In conclusion, I mean no offense and no harm by this article. They are simply my observations as an outside observer that is neither a fan of any of the above teams nor someone of Aboriginal descent. North American society can’t shy away from discussions about our troubled past – and present. For instance, I think we can all support the alteration of history curriculums to encompass the history of Canada and the United States as a temporal whole, rather than simply focussing on the European perspective of what happened after Europeans landed on North American shores. On the other hand, we also have to be aware of the fact that some people of Aboriginal ancestry are not bothered by this debate at all.
In terms of sports, we cannot let maniacs like Dan Snyder continue doing what they’re doing. And yet, it is not prudent to just delete any and all references to Aboriginal culture from our sporting teams. If we do, where do we stop? If some people of Scandinavian descent are offended by the Minnesota Vikings, and their logo and mascot, are we going to change their name, too? No, that’s ridiculous. The vast majority of people can distinguish between the Viking propensity for ferocious warfare and the Scandinavian people as a whole. Now, if the team were named the Minnesota Whiteskins, it might be a different story. In the same way, I would imagine that most people know that the name “Braves” represents a small part of historical Aboriginal society, and is not reflective of Aboriginal people as a whole. Clearly, balance is needed.
TL;DR? We should be wary of painting things with too broad a brush. At the same time, we should not refuse to acknowledge that a brush exists at all.
All illustrations by Andrew M. Greenstein, The unofficial NHL Uniform Database
Ahhh yes, the Calgary Flames. My hometown team. My boys! The perennial feel-good, hard-working, grab-your-lunch-pail-and-work-boots-and-go-to-work team…that has also won only 4 playoff rounds since 1989, missing the playoffs altogether 13 times during that span. Well, hey, at least they don’t consistently keep trading my favourite players though, right?! I’m so happy Theo Fleury spent his entire caree–…I mean, isn’t it wonderful that Valeri Bure got to retire as a Fl–…you’ve gotta be kidding me, what about Freddie Brathwaite? ...well, SURELY Jarome Iginla won’t be trad–OH COME ON. Fuck it. At least they have nice jerseys. OH WAIT.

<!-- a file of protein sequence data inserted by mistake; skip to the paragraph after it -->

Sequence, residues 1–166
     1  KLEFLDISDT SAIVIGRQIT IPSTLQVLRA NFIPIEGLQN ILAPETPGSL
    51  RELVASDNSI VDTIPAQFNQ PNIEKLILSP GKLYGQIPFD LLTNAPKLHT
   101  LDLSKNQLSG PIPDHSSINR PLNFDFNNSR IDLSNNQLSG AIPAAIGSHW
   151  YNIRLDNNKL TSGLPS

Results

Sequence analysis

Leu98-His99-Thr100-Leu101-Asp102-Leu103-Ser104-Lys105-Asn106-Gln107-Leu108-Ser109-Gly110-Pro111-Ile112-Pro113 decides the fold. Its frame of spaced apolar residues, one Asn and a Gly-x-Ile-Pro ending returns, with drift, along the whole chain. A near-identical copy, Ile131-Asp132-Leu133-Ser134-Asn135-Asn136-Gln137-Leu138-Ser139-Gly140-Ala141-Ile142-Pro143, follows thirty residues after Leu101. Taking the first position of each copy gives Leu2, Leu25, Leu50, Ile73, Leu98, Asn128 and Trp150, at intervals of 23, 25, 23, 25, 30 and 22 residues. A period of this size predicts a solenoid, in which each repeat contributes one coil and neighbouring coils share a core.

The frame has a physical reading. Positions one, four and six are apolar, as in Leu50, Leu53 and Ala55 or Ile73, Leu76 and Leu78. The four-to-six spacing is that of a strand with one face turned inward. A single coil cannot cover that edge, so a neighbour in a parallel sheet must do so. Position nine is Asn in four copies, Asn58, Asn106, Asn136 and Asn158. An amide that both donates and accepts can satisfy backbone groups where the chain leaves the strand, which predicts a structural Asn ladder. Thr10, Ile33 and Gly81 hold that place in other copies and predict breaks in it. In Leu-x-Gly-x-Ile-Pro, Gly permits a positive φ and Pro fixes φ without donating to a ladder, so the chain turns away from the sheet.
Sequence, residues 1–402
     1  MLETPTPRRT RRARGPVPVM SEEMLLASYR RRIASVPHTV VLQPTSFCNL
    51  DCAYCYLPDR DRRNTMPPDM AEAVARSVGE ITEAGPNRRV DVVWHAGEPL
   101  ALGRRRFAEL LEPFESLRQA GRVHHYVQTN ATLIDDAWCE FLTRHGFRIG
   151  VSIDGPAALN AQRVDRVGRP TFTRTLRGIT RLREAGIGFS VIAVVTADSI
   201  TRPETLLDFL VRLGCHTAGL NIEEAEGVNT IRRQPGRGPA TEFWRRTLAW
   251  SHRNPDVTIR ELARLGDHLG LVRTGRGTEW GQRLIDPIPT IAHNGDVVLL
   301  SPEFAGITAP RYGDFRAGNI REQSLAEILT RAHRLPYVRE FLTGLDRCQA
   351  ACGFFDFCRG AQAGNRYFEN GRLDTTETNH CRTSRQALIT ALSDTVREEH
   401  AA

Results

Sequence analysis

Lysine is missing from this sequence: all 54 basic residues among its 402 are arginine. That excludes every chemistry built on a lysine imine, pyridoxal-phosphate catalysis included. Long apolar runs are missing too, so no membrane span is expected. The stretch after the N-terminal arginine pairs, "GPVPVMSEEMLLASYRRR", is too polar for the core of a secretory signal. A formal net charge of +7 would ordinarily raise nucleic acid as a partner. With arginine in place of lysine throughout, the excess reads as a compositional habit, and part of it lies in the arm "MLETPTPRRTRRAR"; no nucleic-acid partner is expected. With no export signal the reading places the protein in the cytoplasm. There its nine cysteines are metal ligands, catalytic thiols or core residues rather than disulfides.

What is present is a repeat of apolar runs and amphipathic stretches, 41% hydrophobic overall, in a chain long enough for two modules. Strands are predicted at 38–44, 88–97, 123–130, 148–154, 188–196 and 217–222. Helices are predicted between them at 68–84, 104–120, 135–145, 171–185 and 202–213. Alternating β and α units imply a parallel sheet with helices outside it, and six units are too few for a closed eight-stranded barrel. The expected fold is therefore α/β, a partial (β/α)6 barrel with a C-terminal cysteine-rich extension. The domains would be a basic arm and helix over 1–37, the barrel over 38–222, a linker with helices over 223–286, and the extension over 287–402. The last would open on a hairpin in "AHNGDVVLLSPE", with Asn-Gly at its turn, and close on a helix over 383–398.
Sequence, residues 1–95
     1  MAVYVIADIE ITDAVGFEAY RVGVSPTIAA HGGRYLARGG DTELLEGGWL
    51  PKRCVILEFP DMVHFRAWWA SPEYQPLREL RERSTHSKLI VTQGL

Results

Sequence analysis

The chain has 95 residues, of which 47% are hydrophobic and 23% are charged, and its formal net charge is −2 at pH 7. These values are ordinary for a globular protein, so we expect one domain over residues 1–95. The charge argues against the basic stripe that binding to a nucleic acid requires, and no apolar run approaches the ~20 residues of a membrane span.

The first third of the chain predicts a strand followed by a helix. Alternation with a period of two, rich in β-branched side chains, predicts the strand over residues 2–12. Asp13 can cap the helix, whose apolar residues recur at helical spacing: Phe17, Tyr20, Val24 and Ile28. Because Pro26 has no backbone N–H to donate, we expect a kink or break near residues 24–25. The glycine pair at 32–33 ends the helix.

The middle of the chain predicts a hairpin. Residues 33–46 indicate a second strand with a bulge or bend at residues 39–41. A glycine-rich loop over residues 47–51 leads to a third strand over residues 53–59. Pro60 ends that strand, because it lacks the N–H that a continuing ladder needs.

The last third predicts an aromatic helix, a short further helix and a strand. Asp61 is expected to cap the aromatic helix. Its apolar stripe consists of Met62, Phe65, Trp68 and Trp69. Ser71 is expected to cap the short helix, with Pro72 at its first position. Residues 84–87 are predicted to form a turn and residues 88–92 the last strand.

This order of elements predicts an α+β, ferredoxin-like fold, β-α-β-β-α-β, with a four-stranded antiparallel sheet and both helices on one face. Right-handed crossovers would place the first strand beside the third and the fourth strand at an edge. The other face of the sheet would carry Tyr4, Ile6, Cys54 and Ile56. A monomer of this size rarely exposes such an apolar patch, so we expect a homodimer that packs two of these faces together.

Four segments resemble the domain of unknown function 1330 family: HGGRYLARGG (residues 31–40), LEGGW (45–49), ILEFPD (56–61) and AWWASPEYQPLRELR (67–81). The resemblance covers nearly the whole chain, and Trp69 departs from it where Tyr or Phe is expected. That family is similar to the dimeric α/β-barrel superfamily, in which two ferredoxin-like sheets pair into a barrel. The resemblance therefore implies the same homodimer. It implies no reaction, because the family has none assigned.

But, for now, let’s head back to happier times, where it all began:
Yes, the ‘80s. Fresh off a move from Atlanta, the Flames were kicking ass and taking names. Or, rather, providing a mild divisional annoyance to the Edmonton Oilers during the latter team’s march to 64 Cups in the decade. Nevertheless, they looked sharp doing it, with a simple, three-colour design – extracted from Lanny McDonald’s glorious moustache – that was bright enough to belong in the 1980s, yet timeless enough to be brought back as a throwback in 2009 – 20 years after their lone Stanley Cup win. However, after experiencing four first-round exits in five years – the other year being one in which they failed to qualify for the Playoffs at all, it was clear that something needed to be done.
Of course, what shakes a team up more than new jerseys, amirite?!
Well, to be brutally honest, it didn’t work. I feel like trading away superstar – and Stanley Cup winning goal-scorer – Doug Gilmour for…well, not Doug Gilmour might also have had something to do with that. The Flames would not win a Playoff round until 2004 – wearing another kit, I might add. However, this 1994 effort at redesigning the Home and Away uniforms – which were joined by a black Alternate kit in 1998 – wasn’t too shabby, especially considering some of the garbage being spewed out by other teams of the era.
The addition of black was done tastefully to the Home and Away jerseys, and the diagonal platform that the logo rests upon – along with corresponding trim on the jersey sleeves and pants – is interesting and breaks up what would otherwise be a pretty, yet dull, concoction.